Warren Gatland has been left furious before the British & Irish Lions’ first Test against the Springboks on Saturday after being told the South African Marius Jonker has been appointed as the Television Match Official for the series.
Gatland is said to be raging there was no neutral alternative available for such a high-profile event after the original TMO – New Zealand’s Brendon Pickerill – withdrew due to pandemic-related travel disruption. The Lions are also understood to be astonished they were informed only on Wednesday about the appointment.
Jonker was the TMO for the Lions’ sole previous defeat of the tour – by South Africa A – and, in consultation with the referee Jaco Peyper, opted against sending off Faf de Klerk for a dangerous tackle on Josh Navidi.
Gatland was convinced a red card was warranted and was planning to seek clarification over the decision. “I can’t understand where the comments were that there was no contact to the head,” Gatland said last week. “Someone was watching a different picture to me. I thought it looked reckless. No arms and he’s hit the arm first and then the shoulder, but there’s definitely head on head contact.”
Jonker – whose son Rynhardt plays for the Sharks with a number of Springboks – will be familiar to England supporters after he disallowed a late Sam Underhill try in their narrow defeat by New Zealand in November 2018. Courtney Lawes, who will start for the Lions against South Africa at blindside flanker, was adjudged to be offside in the buildup, denying Eddie Jones’s side a famous win.
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Gatland has already expressed his concern that a player in the sin-bin or being sent off could play a significant part in deciding the outcome of the Tests and was due to meet with Saturday’s match referee Nic Berry on Thursday.
In 2017 a red card worked in the Lions’ favour when Sonny Bill Williams was sent off for a dangerous tackle on Anthony Watson in the second Test in Wellington, which the touring side went on to narrowly win and square the series. Speaking on Wednesday after he named his XV, Gatland said: “The last thing that we want from a Lions perspective is a Test match decided on someone making a really poor decision – going in with a shoulder, a tackle too high. A yellow card or sent off.”
World Rugby, which appoints the match officials for all Tests, has insisted the contingency plan was always a local alternative and pointed to “home” TMOs during last year’s Rugby Championship. Given the magnitude of the Lions’ first Test against South Africa for 12 years, however, and its billing as the biggest match of the year to date, Gatland has been left perplexed by the decision.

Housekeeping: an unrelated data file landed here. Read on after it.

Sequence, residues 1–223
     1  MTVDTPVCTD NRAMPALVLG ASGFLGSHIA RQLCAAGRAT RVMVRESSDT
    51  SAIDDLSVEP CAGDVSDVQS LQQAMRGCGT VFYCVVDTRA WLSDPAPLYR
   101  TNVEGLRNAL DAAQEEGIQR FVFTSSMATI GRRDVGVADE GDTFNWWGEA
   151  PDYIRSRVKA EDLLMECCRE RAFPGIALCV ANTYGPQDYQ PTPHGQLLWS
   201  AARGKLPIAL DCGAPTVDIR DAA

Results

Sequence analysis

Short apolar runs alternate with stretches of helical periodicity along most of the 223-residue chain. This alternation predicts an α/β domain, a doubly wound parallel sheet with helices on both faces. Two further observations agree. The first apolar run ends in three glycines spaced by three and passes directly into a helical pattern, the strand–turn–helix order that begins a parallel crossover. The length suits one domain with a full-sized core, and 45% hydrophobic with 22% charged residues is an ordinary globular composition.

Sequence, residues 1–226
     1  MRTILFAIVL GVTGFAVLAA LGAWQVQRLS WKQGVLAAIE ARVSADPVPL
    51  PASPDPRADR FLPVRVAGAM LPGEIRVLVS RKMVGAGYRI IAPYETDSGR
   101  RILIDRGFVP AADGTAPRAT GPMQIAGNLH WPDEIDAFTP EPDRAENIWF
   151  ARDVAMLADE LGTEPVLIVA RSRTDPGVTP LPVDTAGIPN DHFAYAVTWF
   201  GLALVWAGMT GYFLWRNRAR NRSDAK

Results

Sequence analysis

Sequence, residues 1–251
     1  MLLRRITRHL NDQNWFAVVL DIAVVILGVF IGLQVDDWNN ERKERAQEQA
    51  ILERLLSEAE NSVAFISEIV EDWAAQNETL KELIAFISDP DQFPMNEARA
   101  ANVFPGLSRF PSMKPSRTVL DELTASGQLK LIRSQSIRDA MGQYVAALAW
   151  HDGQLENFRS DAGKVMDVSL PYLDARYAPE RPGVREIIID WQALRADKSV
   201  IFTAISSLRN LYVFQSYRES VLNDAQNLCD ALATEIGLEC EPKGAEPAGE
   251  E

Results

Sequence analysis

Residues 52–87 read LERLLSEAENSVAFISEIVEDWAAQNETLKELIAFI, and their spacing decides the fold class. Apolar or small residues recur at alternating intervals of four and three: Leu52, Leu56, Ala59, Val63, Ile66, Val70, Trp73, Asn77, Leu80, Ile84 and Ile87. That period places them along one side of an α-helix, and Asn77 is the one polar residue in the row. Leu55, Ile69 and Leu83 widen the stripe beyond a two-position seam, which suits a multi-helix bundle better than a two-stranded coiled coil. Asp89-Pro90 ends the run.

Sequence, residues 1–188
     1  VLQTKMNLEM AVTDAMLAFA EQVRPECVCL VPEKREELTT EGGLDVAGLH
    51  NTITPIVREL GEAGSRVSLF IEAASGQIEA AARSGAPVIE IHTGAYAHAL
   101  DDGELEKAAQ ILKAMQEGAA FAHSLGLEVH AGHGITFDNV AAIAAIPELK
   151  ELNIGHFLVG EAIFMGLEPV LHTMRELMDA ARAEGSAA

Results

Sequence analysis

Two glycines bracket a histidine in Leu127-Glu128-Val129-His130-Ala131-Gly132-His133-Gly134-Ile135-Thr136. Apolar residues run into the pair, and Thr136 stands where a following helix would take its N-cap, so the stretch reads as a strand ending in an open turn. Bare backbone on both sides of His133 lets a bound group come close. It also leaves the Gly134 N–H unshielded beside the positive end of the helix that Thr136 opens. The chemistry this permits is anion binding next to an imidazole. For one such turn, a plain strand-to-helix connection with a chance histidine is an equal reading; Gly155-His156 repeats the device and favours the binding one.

Meanwhile, Rassie Erasmus will be monitored by Berry and his officials if he continues to perform water-carrying duties against the Lions. World Rugby’s former head of referees, Alain Rolland, has said South Africa’s director of rugby should not be allowed to act as a water carrier, thereby being able to enter the pitch and pass messages to his players.
It is understood that World Rugby legislation only states head coaches cannot be pitchside, and Covid regulations allow for more water carriers. It is in the remit of the match officials to monitor water carriers’ conduct, however. Gatland had picked up on the issue after Erasmus – who was head coach for the Springboks’ 2019 World Cup triumph – performed the role in the defeat by South Africa A but World Rugby regulations only dictate head coaches cannot do so.
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Meanwhile, the Lions centre Elliot Daly has revealed how he has learned to trust his instincts again after a loss of form earlier this year. Daly has been named to start his first Test at outside-centre since November 2016 on Saturday, having lost his England place four months ago. Daly came through the ranks at Wasps as a dazzling No 13 but has predominantly been employed by Jones at either wing or full-back.
He also started all three Lions Tests against New Zealand on the wing but has found a new lease of life back in midfield this season with Saracens.
“At the start of the Six Nations I was probably thinking about what I needed to do next rather than staying in the moment and what I need to do now,” said Daly. “Being more instinctive with my play rather than [just] settling into a system. At the start of the Six Nations I was probably too process-based rather than being instinctive and just doing what I see on the pitch. Usually on a rugby pitch your first thought is the right one.
“It’s about doing that and executing under pressure. Eddie says it to me all the time. When I don’t think and just do the first action that comes into my head then you can make anything work and 90% of the time it’s going to be the right decision.”